By Shaifali Puri

(FORTUNE Magazine) – hq: newton, mass. founded: 1982 sales: n.a. employees: 280 stock: privately held web address: www.dragonsys.com

How appropriate that software maker Dragon Systems would choose an archaic creature for its moniker and logo. In the technology world, this Newton, Mass., company seems positively medieval. First, there's the fact that Dragon Systems is old--it was founded 16 years ago by Janet and Jim Baker (who are 51 and 53 themselves). Then there's the company's financing: Dragon has never received a lick of venture capital money, subsisting instead on the Bakers' own money at first and then on honest-to-God sales. Headquarters is in a converted mill 20 minutes outside the old city of Boston. The only thing about Dragon Systems that doesn't evoke the days of yore is its technology.

Dragon is responsible for a breakthrough in speech-recognition software. Its application, NaturallySpeaking, lets users speak in a normal voice into a microphone plugged into a PC and watch as their words quickly appear on the computer screen, and as their commands are immediately followed. When the program makes a mistake in transcription, you tell it to highlight the erroneous passage and give it the correction--and it learns from its mistakes. Known as general-purpose continuous-speech recognition, NaturallySpeaking could radically alter the way people interact with their computers--and ultimately with other devices in their lives.

In the past, most dictation software required users to speak slowly and pause awkwardly between words. All that changed with $150 NaturallySpeaking; with its flexible 30,000-word vocabulary and a 95% accuracy rate, it was the first dictation software to allow for a normal manner of speaking on any subject. Following NaturallySpeaking's successful launch in June 1997, IBM, Dragon's fiercest competitor (and the Bakers' onetime employer), scrambled to market a rival product, ViaVoice ($130).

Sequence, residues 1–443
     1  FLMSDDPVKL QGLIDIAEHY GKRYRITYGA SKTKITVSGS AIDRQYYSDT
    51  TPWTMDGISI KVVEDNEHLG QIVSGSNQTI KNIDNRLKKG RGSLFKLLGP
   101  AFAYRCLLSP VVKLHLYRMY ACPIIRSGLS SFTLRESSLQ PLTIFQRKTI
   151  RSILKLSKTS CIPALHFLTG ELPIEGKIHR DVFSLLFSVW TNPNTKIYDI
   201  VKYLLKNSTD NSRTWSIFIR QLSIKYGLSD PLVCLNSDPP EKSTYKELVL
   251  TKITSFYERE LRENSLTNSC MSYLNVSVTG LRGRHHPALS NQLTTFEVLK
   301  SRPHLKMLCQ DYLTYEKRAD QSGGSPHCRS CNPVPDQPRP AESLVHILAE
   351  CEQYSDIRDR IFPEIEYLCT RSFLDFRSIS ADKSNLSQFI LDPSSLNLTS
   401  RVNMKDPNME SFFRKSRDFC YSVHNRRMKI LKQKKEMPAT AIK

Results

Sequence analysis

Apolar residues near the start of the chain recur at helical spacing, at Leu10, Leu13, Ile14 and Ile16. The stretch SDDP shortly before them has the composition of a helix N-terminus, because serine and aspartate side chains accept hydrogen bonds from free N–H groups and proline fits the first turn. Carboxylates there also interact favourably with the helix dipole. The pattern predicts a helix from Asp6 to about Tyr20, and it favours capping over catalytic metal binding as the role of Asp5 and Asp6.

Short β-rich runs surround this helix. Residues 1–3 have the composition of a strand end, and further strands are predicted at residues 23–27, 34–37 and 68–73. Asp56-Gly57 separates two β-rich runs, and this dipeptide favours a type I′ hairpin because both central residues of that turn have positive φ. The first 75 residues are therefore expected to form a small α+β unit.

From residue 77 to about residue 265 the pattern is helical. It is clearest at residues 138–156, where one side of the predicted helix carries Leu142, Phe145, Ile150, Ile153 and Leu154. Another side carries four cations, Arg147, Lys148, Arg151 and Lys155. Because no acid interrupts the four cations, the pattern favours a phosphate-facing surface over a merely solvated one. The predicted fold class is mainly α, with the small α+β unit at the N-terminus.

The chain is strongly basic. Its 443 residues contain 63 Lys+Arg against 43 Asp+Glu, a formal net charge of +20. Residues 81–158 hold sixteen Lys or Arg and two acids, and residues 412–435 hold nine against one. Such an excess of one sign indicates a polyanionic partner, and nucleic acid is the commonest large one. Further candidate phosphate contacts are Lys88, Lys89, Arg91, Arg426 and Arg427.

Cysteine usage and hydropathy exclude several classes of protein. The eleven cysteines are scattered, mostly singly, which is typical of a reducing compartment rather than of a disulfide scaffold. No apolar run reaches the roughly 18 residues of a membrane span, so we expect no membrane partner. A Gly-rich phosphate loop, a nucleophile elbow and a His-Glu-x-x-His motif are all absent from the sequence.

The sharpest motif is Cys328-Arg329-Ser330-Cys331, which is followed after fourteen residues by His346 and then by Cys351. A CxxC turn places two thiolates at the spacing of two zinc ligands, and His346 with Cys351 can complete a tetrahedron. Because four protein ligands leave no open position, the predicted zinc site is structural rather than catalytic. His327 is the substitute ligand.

Neither program works perfectly. NaturallySpeaking can learn only a single user's voice (IBM's ViaVoice has multi-user capability but is less accurate). If you work in a particularly noisy office, you should expect quite a few errors.

So far, NaturallySpeaking is winning the speech-recognition battle. In the first four months of this year, it garnered Dragon Systems $6.8 million in sales, while IBM's speech-recognition revenues were just $5.2 million, according to PC Data, a research firm in Reston, Va. Janet Baker shrugs off concerns that IBM, with bigger budgets and greater brand recognition, will eventually slay Dragon. "We have spent practically nothing on advertising and marketing, and we're still beating them," she notes. "All we do is speech recognition. This is just a part of IBM's business."

According to Voice Information Associates, a Lexington, Mass., research firm, Dragon has lots of room to grow. They expect it to feed off an explosion in the speech-recognition market, which they estimate to reach $3 billion by 2001 as manufacturers race to incorporate the technology into devices like cell phones and hand-held organizers.

--Shaifali Puri